Organizer(s) / Affiliation(s): Lori Graham-Brady, Johns Hopkins University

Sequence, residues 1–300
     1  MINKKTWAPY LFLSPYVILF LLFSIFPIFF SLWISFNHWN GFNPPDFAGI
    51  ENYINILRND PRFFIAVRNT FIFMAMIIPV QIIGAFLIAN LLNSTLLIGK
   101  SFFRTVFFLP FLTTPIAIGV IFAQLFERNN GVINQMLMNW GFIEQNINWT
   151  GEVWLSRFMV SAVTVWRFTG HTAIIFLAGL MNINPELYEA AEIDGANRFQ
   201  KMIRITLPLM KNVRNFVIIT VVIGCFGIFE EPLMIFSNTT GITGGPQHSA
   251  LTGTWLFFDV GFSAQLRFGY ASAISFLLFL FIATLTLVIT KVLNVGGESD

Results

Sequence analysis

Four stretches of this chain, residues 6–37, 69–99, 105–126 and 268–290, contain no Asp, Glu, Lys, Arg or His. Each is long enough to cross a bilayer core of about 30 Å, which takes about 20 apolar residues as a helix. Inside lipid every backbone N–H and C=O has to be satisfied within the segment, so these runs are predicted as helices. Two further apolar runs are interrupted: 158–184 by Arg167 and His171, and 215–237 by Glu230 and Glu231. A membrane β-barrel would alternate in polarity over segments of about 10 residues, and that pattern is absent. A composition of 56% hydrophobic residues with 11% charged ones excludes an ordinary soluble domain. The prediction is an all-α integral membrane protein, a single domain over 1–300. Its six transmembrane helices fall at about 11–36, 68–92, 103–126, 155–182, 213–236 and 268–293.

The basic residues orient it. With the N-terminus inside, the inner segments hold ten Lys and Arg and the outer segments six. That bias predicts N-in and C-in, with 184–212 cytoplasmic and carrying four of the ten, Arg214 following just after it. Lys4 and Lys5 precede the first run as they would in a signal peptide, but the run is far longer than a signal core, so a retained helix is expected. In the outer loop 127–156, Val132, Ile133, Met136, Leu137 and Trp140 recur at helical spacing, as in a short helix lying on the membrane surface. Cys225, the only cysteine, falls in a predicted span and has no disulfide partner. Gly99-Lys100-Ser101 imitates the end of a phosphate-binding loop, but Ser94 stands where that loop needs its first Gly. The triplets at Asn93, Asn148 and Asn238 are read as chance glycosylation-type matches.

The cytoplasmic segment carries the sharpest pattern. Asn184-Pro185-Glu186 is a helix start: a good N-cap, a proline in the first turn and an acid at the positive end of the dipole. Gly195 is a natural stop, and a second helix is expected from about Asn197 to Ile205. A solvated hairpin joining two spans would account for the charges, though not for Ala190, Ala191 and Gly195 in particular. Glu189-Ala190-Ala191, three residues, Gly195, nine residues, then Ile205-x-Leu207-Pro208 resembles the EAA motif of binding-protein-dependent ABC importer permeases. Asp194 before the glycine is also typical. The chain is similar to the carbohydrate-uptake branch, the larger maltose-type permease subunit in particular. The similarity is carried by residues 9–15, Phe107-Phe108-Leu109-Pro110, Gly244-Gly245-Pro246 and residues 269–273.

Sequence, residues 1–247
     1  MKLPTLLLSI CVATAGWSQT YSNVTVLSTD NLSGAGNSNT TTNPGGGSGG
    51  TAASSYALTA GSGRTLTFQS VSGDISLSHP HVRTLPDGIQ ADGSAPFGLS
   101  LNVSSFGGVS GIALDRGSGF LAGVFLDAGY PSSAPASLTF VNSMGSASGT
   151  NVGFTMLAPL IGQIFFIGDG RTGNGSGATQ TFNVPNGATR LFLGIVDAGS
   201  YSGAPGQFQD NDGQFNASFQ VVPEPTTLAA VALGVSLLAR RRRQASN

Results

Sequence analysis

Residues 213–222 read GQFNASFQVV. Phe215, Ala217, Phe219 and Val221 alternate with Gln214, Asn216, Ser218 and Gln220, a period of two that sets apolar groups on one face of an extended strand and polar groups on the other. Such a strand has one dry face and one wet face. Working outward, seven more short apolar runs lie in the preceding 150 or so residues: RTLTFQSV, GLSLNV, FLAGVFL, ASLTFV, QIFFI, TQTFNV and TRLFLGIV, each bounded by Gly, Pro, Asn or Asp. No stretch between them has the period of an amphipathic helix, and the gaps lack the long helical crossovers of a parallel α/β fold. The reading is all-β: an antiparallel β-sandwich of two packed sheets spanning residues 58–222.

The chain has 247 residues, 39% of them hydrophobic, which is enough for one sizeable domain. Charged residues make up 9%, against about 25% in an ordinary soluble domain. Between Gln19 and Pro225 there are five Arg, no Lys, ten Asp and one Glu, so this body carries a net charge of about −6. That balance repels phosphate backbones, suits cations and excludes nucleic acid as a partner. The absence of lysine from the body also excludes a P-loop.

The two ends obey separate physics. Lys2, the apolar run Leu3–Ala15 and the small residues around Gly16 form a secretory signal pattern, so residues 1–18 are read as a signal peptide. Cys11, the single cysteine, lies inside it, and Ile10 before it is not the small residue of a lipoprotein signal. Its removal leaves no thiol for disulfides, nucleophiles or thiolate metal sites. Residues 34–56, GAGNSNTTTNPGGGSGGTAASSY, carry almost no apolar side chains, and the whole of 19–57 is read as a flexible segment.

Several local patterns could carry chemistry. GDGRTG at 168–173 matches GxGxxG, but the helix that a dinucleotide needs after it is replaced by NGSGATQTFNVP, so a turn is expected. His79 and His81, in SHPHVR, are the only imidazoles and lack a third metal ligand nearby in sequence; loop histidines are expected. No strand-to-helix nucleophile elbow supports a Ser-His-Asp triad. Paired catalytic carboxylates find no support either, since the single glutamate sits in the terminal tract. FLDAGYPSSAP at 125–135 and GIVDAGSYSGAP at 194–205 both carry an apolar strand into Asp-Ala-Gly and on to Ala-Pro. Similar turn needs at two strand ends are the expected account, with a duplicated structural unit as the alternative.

Abstract: The continued growth in computational resources and capabilities have enabled models with finer resolution and greater complexity than ever before. However, uncertainties reside throughout many of these models, such as: 1) available experimental data are often insufficient to accurately characterize model parameters, leading to parametric uncertainty; 2) material architecture is inherently random with significant differences occurring between samples of nominally identical materials; 3) uncertainties at individual scales lead to non-deterministic linkages between scales; 4) loading conditions are often highly random; and, 5) modeling errors associated with the required idealizing assumptions of the model lead to uncertain inaccuracies. This minisymposium will gather researchers who are addressing uncertainties in various stages of computational modeling and prediction for complex mechanics problems. In particular, areas of interest could include: 1. Stochastic multi-scale mechanics 2. Probabilistic prediction of fatigue, fracture, and damage 3. Homogenization techniques for random media 4. Experimental data assimilation/inverse analysis 5. Uncertainty propagation across multiple length and time scales 6. Nondeterministic computational models 7. Verification and validation techniques 8. Uncertainty quantification 9. Order reduction for complex stochastic models 10. Optimization and design under uncertainty 11. Data acquisition and stochastic modeling 12. Stochastic boundary value problems.